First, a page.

From the 1970s, there has been an increase in interest in the term ecomusicology, which was established as a term in the early 21st century in North American and Scandinavian circles.[5] As a field, ecomusicology was created out of a common area of interest between the fields of ecocriticism and musicology, expressed by a range of scholars and artists such as composers, acoustic ecologists, ethnomusicologists, biomusicologists, and others.[11]

Ecomusicology embraces what is today considered the field of historical musicology, ethnomusicology, and related interdisciplinary fields, which while at the same time may enable specialists within each of these fields to interact with academics in the other fields in their approach, it also provides individuals with flexibility to approach an ecocritical study of music through a variety of disciplines and fields.[5]

In 2011, the Society for Ethnomusicology established an Ecomusicology Special Interest Group (ESIG).[12]

In October 2012, the first international ecomusicology-conference took place in New Orleans, U.S.

Sustainability and environmental ethics

Ecomusicology considers aspects of

environmental sustainability within music production and performance. For example, the relationship between a demand for a certain musical instrument as well as the costs and impacts of its production, has been an area of interest for Ecomusicologists investigating the sustainability of the consumption and production of music or musical instruments.[13] This includes the impact which the demand for musical instruments, merchandise or live experiences such as concerts has on the natural environment.[13] Music-Journalist and Anthropologist Mark Pedelty, has written on the Ecomusicological relationship between human musical activities and the health of the environment.[4] Having written about the pollutive impacts that international music touring often has on the environment, Pedelty explores Ecomusicological concerns of ethicality regarding the production of carbon emissions created by vehicles used to a move band members, instruments and/or any extensive staging or crew.[4]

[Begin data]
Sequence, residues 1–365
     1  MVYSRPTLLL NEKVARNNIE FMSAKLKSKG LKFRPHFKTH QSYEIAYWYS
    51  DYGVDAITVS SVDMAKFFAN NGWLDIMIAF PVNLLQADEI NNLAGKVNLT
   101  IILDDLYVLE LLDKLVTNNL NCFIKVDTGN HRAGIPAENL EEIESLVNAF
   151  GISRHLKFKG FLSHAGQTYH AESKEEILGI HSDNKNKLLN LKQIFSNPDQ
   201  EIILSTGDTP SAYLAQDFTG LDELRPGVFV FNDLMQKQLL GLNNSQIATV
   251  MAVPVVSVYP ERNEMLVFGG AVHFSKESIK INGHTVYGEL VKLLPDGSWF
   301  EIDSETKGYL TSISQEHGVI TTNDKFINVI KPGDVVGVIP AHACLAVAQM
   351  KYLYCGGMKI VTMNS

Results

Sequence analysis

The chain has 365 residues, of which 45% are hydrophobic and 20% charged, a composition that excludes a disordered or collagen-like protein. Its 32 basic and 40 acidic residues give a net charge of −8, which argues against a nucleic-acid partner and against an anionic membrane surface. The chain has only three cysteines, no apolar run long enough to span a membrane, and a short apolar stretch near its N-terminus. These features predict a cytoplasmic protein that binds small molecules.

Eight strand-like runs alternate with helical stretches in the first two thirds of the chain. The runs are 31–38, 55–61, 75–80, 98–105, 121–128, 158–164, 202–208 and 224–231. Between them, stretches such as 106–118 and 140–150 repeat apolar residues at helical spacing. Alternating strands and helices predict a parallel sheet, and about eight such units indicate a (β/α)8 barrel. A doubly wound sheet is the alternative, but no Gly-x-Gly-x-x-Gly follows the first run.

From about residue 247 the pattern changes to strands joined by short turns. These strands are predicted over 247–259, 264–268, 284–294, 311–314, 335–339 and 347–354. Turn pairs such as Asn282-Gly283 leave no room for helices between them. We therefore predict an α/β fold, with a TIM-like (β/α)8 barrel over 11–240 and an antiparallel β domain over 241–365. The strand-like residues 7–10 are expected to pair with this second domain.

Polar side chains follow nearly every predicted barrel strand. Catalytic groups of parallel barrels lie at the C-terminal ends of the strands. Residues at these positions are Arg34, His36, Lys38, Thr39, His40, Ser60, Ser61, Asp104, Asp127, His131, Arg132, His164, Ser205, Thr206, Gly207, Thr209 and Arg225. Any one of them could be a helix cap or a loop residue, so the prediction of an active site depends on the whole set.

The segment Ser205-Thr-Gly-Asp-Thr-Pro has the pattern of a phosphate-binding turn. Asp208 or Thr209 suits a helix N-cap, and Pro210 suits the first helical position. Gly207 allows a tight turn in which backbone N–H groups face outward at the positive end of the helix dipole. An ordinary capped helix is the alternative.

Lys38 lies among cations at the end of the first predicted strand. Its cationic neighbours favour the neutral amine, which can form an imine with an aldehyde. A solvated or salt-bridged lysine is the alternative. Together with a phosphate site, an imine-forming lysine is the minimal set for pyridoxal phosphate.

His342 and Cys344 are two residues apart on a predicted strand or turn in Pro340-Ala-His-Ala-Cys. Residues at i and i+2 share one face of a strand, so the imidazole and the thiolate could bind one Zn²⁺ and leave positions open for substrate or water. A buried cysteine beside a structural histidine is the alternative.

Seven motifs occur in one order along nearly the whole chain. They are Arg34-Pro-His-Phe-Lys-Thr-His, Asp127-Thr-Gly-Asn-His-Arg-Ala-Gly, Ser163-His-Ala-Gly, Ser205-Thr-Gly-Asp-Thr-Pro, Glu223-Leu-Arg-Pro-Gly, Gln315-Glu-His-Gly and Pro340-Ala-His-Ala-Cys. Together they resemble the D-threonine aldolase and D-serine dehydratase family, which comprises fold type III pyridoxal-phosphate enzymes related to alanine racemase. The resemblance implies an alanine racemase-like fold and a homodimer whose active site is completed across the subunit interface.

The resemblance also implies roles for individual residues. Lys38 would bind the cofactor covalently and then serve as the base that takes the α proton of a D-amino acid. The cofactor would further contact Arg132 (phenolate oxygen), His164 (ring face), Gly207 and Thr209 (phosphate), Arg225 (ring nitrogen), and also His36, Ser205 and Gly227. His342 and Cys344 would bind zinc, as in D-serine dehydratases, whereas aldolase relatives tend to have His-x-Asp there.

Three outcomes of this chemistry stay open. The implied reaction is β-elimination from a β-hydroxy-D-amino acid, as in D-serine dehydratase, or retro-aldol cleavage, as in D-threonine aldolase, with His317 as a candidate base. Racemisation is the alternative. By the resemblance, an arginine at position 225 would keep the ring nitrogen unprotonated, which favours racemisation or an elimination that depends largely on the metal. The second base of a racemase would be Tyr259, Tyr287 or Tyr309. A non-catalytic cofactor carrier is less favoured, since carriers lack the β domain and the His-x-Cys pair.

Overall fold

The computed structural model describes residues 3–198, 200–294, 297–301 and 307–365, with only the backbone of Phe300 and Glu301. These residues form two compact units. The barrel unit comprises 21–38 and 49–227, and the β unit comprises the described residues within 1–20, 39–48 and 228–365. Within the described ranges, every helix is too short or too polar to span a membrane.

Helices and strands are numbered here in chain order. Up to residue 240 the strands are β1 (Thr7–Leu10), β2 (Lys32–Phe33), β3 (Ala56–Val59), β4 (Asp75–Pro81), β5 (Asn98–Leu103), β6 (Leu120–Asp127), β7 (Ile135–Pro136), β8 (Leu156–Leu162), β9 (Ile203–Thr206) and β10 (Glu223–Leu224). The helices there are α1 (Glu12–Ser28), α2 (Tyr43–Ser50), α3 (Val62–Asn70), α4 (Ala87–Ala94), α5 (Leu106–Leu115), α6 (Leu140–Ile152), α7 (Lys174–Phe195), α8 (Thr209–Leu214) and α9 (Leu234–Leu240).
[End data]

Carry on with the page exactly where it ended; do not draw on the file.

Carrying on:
Live Earth Concert at Wembley Stadium, 2007